Systematic Evaluation of Chronic Cough
Chronic cough can be differentiated from acute cough by an arbitrary cutoff
of 8 weeks (1). This distinction is helpful in clinical practice as the etiology and epidemiology of chronic cough are quite different from those of acute
cough. However, when faced with a chronic cough patient, determining
which of the possible underlying causes is to blame can be far from easy.
Community-based data on chronic cough reveal a suboptimally managed
population whose median duration of cough is 6.5 years, despite a high rate
of medical consultations in both primary and secondary care (2). In con-
trast, data from specialist cough clinics, where a more systematic approach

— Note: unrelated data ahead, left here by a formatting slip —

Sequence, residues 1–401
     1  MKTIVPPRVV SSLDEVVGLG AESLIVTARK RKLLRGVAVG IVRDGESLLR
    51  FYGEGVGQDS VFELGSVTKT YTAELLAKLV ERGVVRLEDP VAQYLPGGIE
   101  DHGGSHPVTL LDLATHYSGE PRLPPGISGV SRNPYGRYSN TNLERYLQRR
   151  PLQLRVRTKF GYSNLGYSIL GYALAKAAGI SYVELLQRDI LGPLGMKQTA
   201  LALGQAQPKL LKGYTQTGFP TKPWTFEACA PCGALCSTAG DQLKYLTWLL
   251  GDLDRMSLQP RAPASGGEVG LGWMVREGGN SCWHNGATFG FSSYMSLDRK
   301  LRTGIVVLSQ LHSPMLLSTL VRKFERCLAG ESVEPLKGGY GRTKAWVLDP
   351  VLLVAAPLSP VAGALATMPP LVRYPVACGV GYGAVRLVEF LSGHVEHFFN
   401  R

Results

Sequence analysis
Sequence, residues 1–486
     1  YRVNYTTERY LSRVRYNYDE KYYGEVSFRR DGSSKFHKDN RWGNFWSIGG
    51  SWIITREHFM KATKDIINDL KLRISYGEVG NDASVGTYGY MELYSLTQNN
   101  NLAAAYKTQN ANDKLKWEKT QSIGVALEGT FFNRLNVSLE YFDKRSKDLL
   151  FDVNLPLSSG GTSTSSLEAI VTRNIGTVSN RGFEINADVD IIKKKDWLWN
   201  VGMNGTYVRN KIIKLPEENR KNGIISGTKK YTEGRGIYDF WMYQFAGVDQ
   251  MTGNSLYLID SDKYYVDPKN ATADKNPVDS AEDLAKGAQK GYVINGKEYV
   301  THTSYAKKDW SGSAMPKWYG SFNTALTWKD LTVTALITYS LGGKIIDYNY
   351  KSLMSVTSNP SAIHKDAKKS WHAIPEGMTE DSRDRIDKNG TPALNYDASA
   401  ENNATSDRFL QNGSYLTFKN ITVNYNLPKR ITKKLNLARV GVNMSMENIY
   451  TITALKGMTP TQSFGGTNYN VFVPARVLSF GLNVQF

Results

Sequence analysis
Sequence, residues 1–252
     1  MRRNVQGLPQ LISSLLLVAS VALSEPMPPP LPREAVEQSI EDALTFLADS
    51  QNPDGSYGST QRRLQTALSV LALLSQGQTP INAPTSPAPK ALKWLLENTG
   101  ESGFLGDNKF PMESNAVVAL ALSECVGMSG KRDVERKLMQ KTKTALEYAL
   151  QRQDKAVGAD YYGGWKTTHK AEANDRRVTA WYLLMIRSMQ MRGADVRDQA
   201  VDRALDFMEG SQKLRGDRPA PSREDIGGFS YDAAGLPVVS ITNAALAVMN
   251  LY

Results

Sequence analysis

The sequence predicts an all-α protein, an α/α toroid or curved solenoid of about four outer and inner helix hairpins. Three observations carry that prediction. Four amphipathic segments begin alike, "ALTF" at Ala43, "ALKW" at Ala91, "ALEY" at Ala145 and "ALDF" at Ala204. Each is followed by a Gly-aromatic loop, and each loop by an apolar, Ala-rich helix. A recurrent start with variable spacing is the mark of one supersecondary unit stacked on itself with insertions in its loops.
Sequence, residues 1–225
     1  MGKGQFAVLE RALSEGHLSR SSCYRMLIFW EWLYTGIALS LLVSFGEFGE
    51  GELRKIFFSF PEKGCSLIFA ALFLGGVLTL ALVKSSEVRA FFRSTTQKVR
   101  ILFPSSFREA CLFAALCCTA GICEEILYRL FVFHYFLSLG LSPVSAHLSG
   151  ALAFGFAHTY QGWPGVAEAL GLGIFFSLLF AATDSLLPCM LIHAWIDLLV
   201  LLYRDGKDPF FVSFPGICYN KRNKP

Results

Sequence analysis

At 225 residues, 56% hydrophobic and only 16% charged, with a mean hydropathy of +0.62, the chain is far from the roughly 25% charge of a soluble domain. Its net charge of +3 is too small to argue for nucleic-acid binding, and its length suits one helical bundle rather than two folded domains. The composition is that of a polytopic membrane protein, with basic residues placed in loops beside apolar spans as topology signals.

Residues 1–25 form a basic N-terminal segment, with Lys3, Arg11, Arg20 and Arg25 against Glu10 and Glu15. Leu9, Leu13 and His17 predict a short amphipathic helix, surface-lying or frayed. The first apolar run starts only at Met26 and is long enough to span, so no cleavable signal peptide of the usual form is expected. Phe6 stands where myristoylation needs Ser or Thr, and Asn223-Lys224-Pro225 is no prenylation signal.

to diagnosis and management is usually employed, support very high treatment success rates (3). This is because cough may arise from anywhere
along the distribution of the vagus nerve and therefore the possibility of dis-
ease in a variety of different systems must be considered in a logical and
structured way. Indeed, one of the important reasons for misdiagnosis of
chronic cough in both primary and secondary care is the failure to consider
common extrapulmonary causes (4).